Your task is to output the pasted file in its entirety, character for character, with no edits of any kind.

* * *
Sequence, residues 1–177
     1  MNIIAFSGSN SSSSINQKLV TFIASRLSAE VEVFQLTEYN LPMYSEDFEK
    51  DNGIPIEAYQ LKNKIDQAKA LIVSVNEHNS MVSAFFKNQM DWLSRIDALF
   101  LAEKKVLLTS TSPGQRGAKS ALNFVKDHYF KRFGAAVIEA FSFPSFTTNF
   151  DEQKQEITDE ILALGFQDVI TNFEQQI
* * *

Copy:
Sequence, residues 1–177
     1  MNIIAFSGSN SSSSINQKLV TFIASRLSAE VEVFQLTEYN LPMYSEDFEK
    51  DNGIPIEAYQ LKNKIDQAKA LIVSVNEHNS MVSAFFKNQM DWLSRIDALF
   101  LAEKKVLLTS TSPGQRGAKS ALNFVKDHYF KRFGAAVIEA FSFPSFTTNF
   151  DEQKQEITDE ILALGFQDVI TNFEQQI